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Topic: Policy Development

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09/11/2015

President Norton's Statement on Governor Cuomo's $15 Minimum Wage Proposal

 

NEWS FROM NEW YORK FARM BUREAU

Contact: Steve Ammerman, Manager of Public Affairs

518-431-5643 (Office) 518-573-3617 (Cell), sammerman@nyfb.org

 

For immediate Release:

September 11, 2015

 

PRESIDENT NORTON’S STATEMENT ON GOVERNOR CUOMO’S

$15 MINIMUM WAGE PROPOSAL

 

“New York Farm Bureau has serious concerns about Governor Cuomo’s proposal to raise the minimum wage to $15. Farmers in New York are already at a competitive disadvantage compared to those with lower labor costs in other states. They cannot make up the increased spending by simply raising prices because they are competing in a global market where supply and demand dictate what consumers pay.  For example, if Michigan growers can offer cheaper apples to grocery stores that is what largely will be purchased on the open market.  In turn, New York farms will be forced to absorb the higher labor costs. For those who sell directly to consumers, higher food prices will become the norm.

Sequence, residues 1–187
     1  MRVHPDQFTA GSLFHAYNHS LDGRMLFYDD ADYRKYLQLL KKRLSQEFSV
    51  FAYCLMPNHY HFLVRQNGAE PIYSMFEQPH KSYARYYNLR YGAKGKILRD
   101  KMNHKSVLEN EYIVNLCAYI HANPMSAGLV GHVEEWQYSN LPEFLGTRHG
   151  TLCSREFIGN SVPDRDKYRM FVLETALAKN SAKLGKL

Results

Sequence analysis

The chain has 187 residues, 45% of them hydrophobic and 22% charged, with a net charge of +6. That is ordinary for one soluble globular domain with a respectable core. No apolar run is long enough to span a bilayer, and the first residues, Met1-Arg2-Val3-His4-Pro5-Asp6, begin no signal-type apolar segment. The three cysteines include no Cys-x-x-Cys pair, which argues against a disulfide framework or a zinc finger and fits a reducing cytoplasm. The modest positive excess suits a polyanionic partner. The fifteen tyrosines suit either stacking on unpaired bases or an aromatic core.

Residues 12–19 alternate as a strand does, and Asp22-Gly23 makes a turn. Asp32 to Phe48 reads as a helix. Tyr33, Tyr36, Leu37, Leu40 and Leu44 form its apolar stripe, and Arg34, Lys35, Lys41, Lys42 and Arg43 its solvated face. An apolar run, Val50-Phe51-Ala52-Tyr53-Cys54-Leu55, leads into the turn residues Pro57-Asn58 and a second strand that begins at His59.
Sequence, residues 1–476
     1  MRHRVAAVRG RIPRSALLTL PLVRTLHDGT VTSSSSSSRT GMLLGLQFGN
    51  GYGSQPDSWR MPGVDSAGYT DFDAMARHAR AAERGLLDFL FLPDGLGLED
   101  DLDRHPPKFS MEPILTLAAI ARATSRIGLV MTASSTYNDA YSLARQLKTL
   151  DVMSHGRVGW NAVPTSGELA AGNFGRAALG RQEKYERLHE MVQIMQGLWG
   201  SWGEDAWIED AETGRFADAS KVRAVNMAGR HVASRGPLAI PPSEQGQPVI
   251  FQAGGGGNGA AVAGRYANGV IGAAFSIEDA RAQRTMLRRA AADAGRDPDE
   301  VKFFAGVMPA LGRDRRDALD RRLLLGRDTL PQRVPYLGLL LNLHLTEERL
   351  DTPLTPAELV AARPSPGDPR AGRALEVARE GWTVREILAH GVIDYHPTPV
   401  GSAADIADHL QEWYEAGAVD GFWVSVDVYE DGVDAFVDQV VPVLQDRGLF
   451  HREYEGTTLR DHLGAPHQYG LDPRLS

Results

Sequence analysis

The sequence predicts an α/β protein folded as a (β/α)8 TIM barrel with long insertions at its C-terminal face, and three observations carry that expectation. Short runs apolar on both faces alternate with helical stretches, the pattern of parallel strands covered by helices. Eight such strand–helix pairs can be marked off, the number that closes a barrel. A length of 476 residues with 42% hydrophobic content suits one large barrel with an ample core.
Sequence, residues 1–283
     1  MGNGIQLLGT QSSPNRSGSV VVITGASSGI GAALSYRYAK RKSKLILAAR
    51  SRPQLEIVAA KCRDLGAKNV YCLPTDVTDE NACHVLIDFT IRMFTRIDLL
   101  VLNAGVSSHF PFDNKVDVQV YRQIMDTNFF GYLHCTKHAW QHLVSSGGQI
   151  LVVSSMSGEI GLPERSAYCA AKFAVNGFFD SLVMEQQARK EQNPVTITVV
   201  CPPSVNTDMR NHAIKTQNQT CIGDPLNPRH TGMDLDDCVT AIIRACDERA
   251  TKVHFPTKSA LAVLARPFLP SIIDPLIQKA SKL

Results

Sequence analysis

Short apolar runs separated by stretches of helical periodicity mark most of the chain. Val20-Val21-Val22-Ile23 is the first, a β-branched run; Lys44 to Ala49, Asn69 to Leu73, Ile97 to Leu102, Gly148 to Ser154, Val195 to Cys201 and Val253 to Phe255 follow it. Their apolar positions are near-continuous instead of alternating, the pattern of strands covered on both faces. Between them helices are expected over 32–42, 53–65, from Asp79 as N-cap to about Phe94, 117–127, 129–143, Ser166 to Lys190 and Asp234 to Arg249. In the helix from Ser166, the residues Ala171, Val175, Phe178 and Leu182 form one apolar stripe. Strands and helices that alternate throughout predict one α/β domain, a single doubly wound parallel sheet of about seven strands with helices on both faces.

In general, farms in New York already pay more than the current minimum wage. According to the USDA, the average agriculture wage rate in the state is $12.15.  Upping the minimum wage would lift all farm wages.  A worker who already earns a higher hourly rate based on experience and time on the farm would still expect a higher salary than those who are newly hired.  This proposal would likely force the average wage rate well above the $15 mark.

 

The impact will be clear. We have already seen farmers, who can afford it, turn to automation to milk cows and harvest crops in order to reduce labor costs. This trend will only be exacerbated by an extreme minimum wage hike thereby shrinking the agricultural workforce across New York. The wage hike will also be a bigger barrier for smaller farms who are interested in hiring new employees to grow their businesses. This will ultimately be bad news for the rural economy that depends on agriculture as its bread and butter,” said Dean Norton, New York Farm Bureau President.

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